We don’t want to do Detroit again, one participant said, when 50 years later, the city still hasn’t fully recovered.
In the last few weeks, the Western Michigan University Cooley Law School’s Grand Rapids campus has hosted four open forums on police/community relations, each with different sponsors and for different audiences. Participants found the forums revealing. They heard things that they hadn’t heard before, from people whom they did not yet know. They also disclosed things that they hadn’t shared in a long time, if at all. In doing so, they made significant new relationships while changing old relationships for the better.
Every forum also asked whether these gatherings, held here and across the nation, make any difference.
Failed police/community relations carry huge social and economic cost. Residents want peace and order without the sense of an oppressive occupying force. Police officers want to return home alive and uninjured, with the respect of those for whose security they risk their lives. Somewhere in that tense mix, communities find themselves torn by deadly police/resident conflict.
The forums recognized that communities tear themselves apart with resident-on-resident violence that includes domestic, drug-gang, mental-illness, terrorists and other varieties. They also recognized every occupation, policing or otherwise, has its dangerous kooks and no solution likely will eliminate all such horrors. The forums also concluded police have a higher duty, one that police seem fully ready to accept. One awful incident is too many, especially when the stakes so quickly spread beyond that one precious life to other lives affected by breakdowns in police/community relations.
Fortunately, law is action logic, not simply group therapy, as helpful as talking can be for relationships, understanding and even peace of mind. Law wants peace in neighborhoods, real peace of the physical-security kind, but with liberty, not the peace of an occupying force. So, what do these forums produce?
First, we recognize new trends and circumstances. Increased access to concealed-weapon permits is one example, as are changes in local and national economies, family structure and mental-health resources. Law and policing must recognize and respond to those changes, just as they currently are doing. Keep talking about those changes.
Second, we see the influence of new technologies, particularly smartphone video, body cameras and social media but also new body armor, Tasers and other disabling and protective devices. With video in particular, we rapidly share compelling recordings, often made all the more compelling by the unfortunate fact they may be critically incomplete. We need to monitor and deploy these new technologies while recognizing their challenges and limitations. Judge surely, but don’t rush to judgment.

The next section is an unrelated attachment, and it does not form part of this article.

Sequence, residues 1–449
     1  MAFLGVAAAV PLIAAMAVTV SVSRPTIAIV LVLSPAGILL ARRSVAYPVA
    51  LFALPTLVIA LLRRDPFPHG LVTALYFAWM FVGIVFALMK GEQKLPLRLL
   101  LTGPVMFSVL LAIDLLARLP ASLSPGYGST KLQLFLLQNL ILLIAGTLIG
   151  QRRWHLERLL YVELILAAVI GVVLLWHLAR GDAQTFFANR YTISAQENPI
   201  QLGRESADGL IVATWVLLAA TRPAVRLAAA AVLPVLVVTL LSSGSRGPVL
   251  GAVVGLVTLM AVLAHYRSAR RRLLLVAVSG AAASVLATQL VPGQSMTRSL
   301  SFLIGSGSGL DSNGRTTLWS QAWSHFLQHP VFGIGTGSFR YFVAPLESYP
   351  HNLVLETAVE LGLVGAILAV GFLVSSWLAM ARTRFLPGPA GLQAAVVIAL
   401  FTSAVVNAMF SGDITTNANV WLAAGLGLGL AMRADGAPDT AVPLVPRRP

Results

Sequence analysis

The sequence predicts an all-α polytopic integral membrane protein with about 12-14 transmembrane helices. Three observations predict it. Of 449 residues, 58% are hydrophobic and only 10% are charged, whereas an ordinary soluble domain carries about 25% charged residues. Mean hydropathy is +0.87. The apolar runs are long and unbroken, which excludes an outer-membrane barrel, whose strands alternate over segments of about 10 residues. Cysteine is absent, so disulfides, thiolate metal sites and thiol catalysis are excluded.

Third, we have abundant new data, some of it in those very same recordings and social-media accounts but also in digitalized hospital records of police-injury reports and records maintained and distributed by the police agencies themselves. We also find the data is incomplete. While scholars are hard at work discerning patterns and trends from what data we have, we need more and better data. It’s coming. Encourage it.
Fourth, we find familiar stressors for both community and police alike. Veterans returning from undeclared wars re-enter communities and join local police forces, bringing their trauma with them. Neighborhoods produce their own battle-like stresses. Medicine offers new testing and therapies for stress-induced conditions. We need to take greater advantage of those resources.
Fifth, we find opportunities for new policies, protocols and practices guiding officer training, rotation, relief and testing, how to respond to citizens lawfully carrying concealed weapons and, of course, when and how to intervene using reasonable and necessary force.
Talk may be cheap, but talk can work, as these themes emerge and actions follow.
I once represented in a civil-rights action a young man whom an officer shot in the back while the young man lay defenseless on the ground with his hands behind his back. I have a low opinion of human nature but high opinion of human capacity. My hope is that in talking, studying and law reform, young men like that former client of mine will not have been shot. Let’s keep talking and forming relationships that promote peace, law, security, liberty, respect and order — not violence. Let communities then flourish.
Nelson Miller is associate dean at Western Michigan University Cooley Law School